• The bus system is a little pricey, and complicated to figure out. Make your reservation ahead of time or you may be waiting a while, or completely shut out that day. It’s completely worth it though if you want to see the interior of Denali. The first 15 miles you can drive in your car is still a beautiful segment and allows you to hike some trails and view several points of interest, but the park really gets the most rugged and wild beyond that when the road turns to gravel. Don’t miss the full experience if you can help it!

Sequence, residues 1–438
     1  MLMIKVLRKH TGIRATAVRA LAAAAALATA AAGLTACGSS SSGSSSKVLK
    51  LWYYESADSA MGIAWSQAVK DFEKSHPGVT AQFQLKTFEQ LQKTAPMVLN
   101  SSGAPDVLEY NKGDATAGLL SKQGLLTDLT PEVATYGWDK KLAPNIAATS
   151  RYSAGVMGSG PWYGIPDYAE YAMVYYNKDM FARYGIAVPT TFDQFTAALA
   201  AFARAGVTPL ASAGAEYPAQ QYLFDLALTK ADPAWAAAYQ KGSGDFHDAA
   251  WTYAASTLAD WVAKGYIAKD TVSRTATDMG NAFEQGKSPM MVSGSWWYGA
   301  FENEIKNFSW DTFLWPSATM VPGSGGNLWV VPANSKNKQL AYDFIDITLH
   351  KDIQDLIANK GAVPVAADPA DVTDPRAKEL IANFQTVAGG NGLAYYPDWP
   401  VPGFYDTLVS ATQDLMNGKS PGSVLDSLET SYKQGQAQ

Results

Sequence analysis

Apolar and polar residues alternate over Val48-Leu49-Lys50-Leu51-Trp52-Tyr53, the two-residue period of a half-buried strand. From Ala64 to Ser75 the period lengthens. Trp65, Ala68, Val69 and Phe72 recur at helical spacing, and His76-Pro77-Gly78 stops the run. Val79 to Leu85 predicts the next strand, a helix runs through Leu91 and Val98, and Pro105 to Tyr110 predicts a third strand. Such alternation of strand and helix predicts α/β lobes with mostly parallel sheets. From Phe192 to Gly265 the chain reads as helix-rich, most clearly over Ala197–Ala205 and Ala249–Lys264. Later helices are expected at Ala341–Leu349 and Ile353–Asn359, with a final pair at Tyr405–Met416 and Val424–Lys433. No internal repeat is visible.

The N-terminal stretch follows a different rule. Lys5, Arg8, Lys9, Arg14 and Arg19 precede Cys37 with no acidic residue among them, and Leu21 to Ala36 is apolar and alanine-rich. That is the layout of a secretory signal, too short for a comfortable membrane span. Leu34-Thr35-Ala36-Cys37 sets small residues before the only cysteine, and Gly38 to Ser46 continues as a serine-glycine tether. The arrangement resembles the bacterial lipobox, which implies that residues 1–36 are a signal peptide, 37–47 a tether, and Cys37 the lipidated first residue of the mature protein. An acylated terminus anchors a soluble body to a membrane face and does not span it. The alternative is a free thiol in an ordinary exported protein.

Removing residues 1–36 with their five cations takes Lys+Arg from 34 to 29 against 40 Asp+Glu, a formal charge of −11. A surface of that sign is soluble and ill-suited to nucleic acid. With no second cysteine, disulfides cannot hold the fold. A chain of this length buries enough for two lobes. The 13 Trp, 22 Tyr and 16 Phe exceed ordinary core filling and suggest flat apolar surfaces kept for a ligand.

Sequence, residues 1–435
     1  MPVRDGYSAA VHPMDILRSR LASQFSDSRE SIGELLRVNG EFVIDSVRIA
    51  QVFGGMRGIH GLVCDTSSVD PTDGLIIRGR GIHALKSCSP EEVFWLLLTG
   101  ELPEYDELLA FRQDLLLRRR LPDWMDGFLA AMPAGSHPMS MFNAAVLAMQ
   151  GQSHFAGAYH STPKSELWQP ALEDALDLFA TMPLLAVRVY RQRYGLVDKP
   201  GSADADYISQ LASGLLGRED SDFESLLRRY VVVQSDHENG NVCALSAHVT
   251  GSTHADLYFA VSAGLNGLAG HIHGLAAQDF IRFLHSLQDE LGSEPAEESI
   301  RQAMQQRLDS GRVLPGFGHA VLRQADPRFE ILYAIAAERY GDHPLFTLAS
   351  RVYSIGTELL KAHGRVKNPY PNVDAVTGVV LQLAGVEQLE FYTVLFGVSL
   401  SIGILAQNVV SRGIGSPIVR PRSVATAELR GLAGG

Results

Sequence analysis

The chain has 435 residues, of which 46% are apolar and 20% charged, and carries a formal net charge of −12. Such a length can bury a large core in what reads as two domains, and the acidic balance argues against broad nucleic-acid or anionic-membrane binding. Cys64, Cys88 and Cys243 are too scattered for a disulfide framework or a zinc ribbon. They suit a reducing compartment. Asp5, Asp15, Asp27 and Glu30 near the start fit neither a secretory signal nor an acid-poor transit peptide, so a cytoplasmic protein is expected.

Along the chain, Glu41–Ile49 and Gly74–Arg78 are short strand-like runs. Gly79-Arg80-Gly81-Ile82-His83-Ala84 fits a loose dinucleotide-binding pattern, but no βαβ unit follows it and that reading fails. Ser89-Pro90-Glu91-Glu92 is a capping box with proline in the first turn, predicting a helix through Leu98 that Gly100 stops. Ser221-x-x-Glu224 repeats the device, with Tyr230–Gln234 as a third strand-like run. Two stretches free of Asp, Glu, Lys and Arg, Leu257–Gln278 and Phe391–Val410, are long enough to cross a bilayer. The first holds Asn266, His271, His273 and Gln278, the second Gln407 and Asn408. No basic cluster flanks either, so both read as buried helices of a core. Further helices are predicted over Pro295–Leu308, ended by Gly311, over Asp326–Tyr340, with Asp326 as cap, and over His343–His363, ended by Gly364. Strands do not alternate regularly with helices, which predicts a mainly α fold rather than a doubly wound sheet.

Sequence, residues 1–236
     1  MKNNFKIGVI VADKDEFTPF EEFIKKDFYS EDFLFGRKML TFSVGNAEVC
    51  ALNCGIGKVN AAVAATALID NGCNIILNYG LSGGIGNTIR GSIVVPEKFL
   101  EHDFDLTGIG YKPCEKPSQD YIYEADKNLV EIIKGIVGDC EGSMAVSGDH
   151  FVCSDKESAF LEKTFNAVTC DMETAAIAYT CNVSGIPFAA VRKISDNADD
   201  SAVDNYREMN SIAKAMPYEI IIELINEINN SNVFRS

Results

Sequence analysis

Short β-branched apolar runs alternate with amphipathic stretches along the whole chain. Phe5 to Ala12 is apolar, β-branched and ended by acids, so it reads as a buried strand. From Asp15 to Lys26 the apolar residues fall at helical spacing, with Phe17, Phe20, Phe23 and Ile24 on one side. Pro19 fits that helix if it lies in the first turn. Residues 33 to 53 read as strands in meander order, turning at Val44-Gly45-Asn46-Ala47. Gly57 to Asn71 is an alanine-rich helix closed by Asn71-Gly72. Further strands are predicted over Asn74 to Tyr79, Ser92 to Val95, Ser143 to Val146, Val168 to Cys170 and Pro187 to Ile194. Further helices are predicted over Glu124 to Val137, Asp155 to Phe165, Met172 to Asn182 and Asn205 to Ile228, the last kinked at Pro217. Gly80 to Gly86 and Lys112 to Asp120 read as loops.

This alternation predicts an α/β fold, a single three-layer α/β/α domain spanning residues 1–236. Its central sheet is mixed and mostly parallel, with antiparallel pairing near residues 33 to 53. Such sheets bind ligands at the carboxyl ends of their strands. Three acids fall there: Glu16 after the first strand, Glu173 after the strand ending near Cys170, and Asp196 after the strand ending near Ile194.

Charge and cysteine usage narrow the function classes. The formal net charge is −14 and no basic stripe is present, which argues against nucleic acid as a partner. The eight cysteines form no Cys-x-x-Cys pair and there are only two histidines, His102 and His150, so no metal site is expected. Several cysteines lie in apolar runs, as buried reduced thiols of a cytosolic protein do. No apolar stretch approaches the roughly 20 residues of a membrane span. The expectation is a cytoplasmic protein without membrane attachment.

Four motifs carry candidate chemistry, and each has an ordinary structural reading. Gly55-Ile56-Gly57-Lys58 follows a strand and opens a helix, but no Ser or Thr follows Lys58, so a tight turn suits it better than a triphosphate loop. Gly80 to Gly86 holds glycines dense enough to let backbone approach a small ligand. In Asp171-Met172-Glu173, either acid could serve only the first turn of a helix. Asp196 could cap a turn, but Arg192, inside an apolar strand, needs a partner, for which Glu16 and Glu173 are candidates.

• Most of our animal sightings were deeper in the park, and being on a bus instead of driving gives you the ability to rubberneck and take photos and video to your heart’s desire! The best place to sit for panoramic mountain views is on the driver’s side on the way out, and the “passenger” side on the way back.
  • If you want the full narrated experience, take a tour. If you want to be able to hop on and off at stops for hiking and breaks, take the green shuttle buses (this is what we did). We were worried about missing out on the narration, but our driver still did his best to educate us the whole drive and answer questions anyway! The drivers seem to love their jobs and want to make sure you have a good time.
You wouldn't want to drive this road yourself anyway! Leave it to the professionals.
We wouldn’t want to drive this road ourselves anyway. Better to leave it to the professionals and enjoy the view!